student experience
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2022 ◽  
Vol 11 (1) ◽  
pp. 1
Joris Vlieghe

This contribution deals with the impact of digitisation on what it means to educate and to be educated, especially in the wake of the massive switch to on-screen learning during the COVID-19 crisis. It is argued that we can only adequately relate to this phenomenon if it is based on a strong pedagogical and technocentric account of (school) education. Drawing from authors such as Arendt, Lahire, Stiegler and Serres, the argument is made that four basic pedagogical operations (sharing love for the world, showing newcomers that there is a common world, drawing attention to things that matter, creating the student experience and sense of belonging within a new generation) is under considerable threat. At least, this is the case if we don’t try to conceive of new digital technologies in a pedagogically meaningful manner, instead of unreflectively relying on existing conferencing technologies.

Kiruthika Ragupathi ◽  
Zi Hui Yeo ◽  
Hui Chieh Loy

To promote the development of critical thinking abilities in an introductory undergraduate humanities course in the context of mass higher education, we implemented a course design that employed a series of scenario-based multiple-choice questions (MCQs) and informal peer discussions. Using an online survey to gather perception data and self-reported behavioral data, this study examines the extent to which the course design was effective at promoting critical thinking and student experience. Deductive analysis of students’ qualitative responses indicate that the course design was successful in promoting students’ development of critical thinking. Both deductive and inductive analysis of students’ qualitative responses also suggest that students largely had favorable attitudes towards this course design, though there are also some who express concerns. Our design may be useful for instructors and instructional designers aiming to promote critical thinking and learning in university courses.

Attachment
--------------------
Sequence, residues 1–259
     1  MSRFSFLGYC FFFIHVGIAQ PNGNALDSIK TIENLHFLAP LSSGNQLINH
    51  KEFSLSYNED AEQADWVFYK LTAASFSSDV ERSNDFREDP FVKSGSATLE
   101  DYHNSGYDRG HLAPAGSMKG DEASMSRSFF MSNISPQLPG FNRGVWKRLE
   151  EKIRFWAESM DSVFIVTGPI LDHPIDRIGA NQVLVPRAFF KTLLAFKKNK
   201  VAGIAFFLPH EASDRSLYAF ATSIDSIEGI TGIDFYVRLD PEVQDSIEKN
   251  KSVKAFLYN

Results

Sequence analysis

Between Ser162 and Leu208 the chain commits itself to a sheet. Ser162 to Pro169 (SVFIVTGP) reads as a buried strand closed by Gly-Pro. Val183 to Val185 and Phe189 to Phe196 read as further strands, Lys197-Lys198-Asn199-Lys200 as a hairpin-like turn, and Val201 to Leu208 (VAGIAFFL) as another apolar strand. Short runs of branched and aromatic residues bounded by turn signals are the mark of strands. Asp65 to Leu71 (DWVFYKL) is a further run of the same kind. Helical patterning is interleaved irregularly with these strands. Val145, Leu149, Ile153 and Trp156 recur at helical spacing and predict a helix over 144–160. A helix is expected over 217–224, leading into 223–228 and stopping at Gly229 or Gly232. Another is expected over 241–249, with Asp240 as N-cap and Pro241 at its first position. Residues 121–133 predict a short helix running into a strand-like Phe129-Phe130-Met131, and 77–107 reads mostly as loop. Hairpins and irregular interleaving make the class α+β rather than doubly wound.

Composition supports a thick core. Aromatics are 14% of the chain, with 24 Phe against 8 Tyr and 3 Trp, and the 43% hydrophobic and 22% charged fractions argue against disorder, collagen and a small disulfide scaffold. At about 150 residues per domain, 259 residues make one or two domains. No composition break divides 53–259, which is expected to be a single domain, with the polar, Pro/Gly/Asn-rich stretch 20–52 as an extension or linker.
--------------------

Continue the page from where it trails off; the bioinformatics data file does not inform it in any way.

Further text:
2022 ◽  
Vol 1 (1) ◽  
pp. 12-18
Kathryn Holmes ◽  
Greg Preston

Education can be a measure of the progress and quality of life of a nation, so it is said that the progress of a nation and state can be achieved by one of the reforms in terms of education. In education, there are two terms, namely pedagogy and andragogy. Pedagogy is known as the education of children, while andragogy can be interpreted as the science and art of teaching adults. Children's education will take place in the form of assimilation, identification, and imitation; while adult education focuses on improving their lives, providing skills and abilities to solve problems, so what is identical here is brain training for adults. The difference between pedagogy and andragogy lies in the different assumptions about the personality of students, such as the concept of students, student experience, readiness to learn, orientation towards learning from their learning motivation. And from these assumptions, it can be distinguished in terms of the process which includes elements of atmosphere, planning, needs diagnosis, formulation, objectives, lesson plans, learning activities, and assessments.